In a controversial article published by The New Yorker, Harvard historian Jill Lepore made an unprecedented accusation against the quality of research by one of her colleagues across the Charles River: Professor Clayton Christensen from Harvard Business School. Jill accused Clay of having cherry-picked industries to force data to fit into an elegant theoretical model. Clay argued back demonstrating that Jill had quoted “evidence” out of context without taking into account all the other research that had been carried out since the first publication of “The Innovator’s Dilemma.” The crux of the debate can be boiled down to one single question: Is “disruptive innovation” a useful concept to guide managerial decisions?

It is a systemic problem in the field of management; theories are often treated as fad. Consultants, managers, and executives are all too eager to learn about the next big thing and then try to use one single concept to explain everything. When enthusiasm grows too big, someone somewhere will inevitably become discontent and start trying to poke holes in the thinking and then declare the entire concept as invalid. Enthusiasm wanes and the public moves on to the next big hunt – in search for another idea that can explain everything, again.

Without diving into the theory of disruptive innovation, it is useful to recall how the concept has evolved since its first inception in the late 1990s. After the initial articulation of Clay’s work, a stream of doctoral students from Harvard and Business School and other researchers around the world have advanced the concepts and examined their applicability in different organizational contexts outside the technology sector, from family business to non-profits. Findings have been published in peer-reviewed academic journals, teaching materials, and many books. More interestingly, Clay’s work is also part of a larger field that examines how resources are allocated inside corporations, a field with a more than 35 year history.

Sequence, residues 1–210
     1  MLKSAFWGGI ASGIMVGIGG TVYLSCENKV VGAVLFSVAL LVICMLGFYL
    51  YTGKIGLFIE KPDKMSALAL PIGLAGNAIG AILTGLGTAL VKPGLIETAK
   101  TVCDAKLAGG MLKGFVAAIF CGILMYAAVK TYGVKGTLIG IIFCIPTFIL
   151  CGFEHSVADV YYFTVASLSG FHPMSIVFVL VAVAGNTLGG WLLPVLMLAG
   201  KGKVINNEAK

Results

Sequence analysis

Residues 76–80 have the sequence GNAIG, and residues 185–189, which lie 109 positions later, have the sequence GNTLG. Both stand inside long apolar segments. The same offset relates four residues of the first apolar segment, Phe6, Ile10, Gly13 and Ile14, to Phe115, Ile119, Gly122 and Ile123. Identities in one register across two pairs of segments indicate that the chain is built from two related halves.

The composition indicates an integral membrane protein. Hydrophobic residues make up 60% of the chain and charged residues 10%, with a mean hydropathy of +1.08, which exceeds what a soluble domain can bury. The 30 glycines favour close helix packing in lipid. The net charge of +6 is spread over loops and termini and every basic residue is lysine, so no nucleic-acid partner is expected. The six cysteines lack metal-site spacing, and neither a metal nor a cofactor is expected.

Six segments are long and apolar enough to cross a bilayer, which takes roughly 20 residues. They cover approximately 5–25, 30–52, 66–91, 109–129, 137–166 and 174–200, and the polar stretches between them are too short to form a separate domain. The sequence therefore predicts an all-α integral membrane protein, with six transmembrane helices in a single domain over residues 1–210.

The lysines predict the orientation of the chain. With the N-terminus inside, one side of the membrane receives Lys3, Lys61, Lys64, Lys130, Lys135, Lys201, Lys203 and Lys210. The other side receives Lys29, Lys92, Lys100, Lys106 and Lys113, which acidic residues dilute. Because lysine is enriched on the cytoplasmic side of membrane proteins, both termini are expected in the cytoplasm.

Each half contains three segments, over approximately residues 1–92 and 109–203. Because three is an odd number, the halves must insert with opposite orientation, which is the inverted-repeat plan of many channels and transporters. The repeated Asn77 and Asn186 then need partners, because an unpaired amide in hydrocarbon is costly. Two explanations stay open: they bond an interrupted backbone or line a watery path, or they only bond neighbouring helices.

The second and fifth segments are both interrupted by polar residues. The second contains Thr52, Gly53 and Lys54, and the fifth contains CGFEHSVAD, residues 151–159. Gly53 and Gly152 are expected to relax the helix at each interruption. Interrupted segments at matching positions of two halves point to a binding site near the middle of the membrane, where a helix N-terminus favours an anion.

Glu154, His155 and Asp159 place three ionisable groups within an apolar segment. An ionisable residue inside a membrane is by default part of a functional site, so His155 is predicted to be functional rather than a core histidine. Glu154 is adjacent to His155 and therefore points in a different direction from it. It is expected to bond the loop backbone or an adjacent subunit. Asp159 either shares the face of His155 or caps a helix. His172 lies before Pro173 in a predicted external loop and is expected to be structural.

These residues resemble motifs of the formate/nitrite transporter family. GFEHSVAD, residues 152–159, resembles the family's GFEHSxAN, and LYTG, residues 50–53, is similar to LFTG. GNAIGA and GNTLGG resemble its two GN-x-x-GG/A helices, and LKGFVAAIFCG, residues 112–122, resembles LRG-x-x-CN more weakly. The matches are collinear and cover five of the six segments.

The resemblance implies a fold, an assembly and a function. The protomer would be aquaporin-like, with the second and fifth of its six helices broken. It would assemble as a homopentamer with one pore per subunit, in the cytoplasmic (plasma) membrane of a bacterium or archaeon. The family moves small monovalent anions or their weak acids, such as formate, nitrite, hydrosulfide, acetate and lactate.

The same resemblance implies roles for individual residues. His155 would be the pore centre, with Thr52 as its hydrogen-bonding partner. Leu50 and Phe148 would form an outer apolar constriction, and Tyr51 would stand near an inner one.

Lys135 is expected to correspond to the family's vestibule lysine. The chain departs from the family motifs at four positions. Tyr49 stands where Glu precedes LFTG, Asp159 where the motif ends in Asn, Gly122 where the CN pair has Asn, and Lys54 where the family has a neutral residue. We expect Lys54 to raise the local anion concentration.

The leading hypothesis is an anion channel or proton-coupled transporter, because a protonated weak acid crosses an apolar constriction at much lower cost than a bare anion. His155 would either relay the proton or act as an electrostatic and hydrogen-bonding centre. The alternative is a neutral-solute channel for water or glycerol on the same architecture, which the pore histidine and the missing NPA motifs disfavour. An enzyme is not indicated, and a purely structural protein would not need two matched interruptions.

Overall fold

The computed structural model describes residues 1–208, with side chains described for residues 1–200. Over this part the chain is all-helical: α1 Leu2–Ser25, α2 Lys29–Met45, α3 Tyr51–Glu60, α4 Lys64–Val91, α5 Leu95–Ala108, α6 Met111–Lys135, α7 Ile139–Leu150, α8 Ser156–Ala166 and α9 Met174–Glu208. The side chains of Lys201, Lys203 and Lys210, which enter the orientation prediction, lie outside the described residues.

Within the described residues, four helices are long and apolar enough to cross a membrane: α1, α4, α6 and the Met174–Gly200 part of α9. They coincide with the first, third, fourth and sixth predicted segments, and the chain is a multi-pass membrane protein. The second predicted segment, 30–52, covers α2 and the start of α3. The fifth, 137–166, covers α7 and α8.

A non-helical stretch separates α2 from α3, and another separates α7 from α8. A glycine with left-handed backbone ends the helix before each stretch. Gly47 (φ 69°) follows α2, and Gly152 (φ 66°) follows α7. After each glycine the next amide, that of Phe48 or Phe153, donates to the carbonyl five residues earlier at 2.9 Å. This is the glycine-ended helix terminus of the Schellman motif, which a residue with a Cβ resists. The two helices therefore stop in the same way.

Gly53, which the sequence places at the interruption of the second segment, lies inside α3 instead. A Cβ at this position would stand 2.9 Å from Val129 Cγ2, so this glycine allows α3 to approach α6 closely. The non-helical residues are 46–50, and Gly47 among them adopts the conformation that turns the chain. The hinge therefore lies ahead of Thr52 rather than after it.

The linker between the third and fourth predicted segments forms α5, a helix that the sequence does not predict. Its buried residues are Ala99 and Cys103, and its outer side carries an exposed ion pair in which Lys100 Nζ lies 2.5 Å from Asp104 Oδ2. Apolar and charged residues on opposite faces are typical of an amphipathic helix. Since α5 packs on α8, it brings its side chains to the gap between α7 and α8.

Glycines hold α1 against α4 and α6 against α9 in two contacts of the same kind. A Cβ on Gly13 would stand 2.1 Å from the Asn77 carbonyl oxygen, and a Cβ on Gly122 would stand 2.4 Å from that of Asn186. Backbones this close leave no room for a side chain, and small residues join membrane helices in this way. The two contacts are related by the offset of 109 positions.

Many observers think that recent research from business schools bears less and less relevance for practicing managers. This is indeed unfortunate. The theory of disruptive innovation is among the few occasions where rigorous research surprisingly finds its way into mainstream business, guiding managers to make day-to-day decisions. The danger of the current debate is that it might mislead managers into thinking that the concept of disruptive innovation is no longer “hot”. Rather than working through the issues and advancing our knowledge further as would be done in the field of medicine, engineering and physics, those who agree with arguments like Jill Lepore’s risk throwing up their hands and moving on to the next big thing. That would be huge loss to everyone.

Howard Yu is Professor of Strategic Management and Innovation at IMD, where he teaches on the following programs: Advanced Strategic Management (ASM), Building on Talent (BOT), Breakthrough Program for Senior Executives (BPSE), Executive MBA, Strategic Marketing in Action (SMA) and Orchestrating Winning Performance (OWP).